Wanda follows the WAI-ARIA authoring practices guidelines and are tested in a wide selection of modern browsers and commonly used assistive technologies.
We take care of many of the difficult implementation details related to accessibility, including aria and role attributes, focus management, and keyboard navigation. That means that users should be able to use our components as-is in most contexts and rely on functionality to follow the expected accessibility designs.
WAI-ARIA, published and maintained by the W3C, specifies the semantics for many common UI patterns that show up in Wanda's components. This is designed to provide meaning for controls that aren't built using elements provided by the browser. For example, if you use a
div instead of a
button element to create a button, there are attributes you need to add to the div in order to convey that it's a button for screen readers or voice recognition tools, and this is why should use a
button in these situations.
In addition to semantics, there are behaviors that are expected from different types of components. A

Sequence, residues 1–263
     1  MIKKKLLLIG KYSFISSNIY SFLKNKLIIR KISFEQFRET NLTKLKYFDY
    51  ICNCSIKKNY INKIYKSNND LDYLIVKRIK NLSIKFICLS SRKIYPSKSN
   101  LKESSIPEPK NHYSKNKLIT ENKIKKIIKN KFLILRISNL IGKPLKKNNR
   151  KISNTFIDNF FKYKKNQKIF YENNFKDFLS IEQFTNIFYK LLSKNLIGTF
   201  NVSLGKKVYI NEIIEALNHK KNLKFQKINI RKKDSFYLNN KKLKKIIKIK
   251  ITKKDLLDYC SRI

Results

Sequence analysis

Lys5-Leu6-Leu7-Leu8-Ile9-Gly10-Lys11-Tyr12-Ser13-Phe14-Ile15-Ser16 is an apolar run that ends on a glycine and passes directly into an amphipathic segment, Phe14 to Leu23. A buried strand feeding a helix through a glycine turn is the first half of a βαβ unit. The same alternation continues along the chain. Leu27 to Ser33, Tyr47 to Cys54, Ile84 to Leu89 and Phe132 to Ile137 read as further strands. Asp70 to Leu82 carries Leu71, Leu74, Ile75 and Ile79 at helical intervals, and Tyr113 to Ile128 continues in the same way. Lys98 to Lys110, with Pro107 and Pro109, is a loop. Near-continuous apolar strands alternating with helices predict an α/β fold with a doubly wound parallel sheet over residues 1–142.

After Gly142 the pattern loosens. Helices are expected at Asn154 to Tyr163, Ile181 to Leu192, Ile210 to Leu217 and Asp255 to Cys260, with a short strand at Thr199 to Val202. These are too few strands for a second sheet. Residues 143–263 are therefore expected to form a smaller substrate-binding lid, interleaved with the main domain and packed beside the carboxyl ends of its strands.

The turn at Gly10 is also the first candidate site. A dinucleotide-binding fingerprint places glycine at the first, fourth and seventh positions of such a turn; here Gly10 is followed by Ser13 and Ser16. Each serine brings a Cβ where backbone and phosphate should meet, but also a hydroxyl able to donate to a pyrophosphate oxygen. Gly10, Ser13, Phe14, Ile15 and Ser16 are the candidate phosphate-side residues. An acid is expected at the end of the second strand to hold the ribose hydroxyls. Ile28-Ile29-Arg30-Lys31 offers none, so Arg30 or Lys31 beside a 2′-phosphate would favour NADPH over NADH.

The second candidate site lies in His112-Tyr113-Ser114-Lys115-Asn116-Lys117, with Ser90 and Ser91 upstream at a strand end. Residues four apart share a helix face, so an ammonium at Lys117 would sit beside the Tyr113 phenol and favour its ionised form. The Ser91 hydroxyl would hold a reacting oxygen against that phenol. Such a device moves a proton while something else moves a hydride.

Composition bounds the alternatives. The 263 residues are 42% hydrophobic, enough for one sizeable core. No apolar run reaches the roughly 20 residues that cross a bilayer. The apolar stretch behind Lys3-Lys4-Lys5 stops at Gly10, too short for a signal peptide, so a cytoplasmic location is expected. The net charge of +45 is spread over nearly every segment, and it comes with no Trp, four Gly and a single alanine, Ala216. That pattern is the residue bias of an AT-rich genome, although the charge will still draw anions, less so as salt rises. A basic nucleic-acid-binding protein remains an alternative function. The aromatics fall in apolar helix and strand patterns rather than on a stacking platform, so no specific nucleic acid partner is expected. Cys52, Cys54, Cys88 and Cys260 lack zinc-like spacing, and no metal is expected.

button element is going to respond to certain interactions in ways that a
With many built-in form controls, the native HTML
label element is designed to provide semantic meaning and context for corresponding
input elements. For non-form control elements, or for custom controls like those provided by Wanda, WAI-ARIA provides a specification for how to provide accessible names and descriptions to those contols.
Where possible, Wanda's components include abstractions to make labelling our controls simple. The
label primitive is designed to work with many of our controls. Ultimately it's up to you to provide those labels so that users have the proper context when navigating your application.
Many complex components, like
Dialog, come with expectations from users on how to interact with their content using a keyboard or other non-mouse input modalities. Wanda's components provide basic keyboard support in accordance with the WAI-ARIA authoring practices.
Proper keyboard navigation and good labelling often go hand-in-hand with managing focus. When a user interacts with an element and something changes as a result, it's often helpful to move focus with the interaction so that the next tab stop is logical depending on the new context of the app. And for screen reader users, moving focus often results in an announcement to convey this new context, which relies on proper labelling.
In many Wanda components, we move focus based on the interactions a user normally takes in a given component. For example, in
Modal, when the modal is opened, focus is programatically moved to a Cancel button element to anticipate a response to the prompt.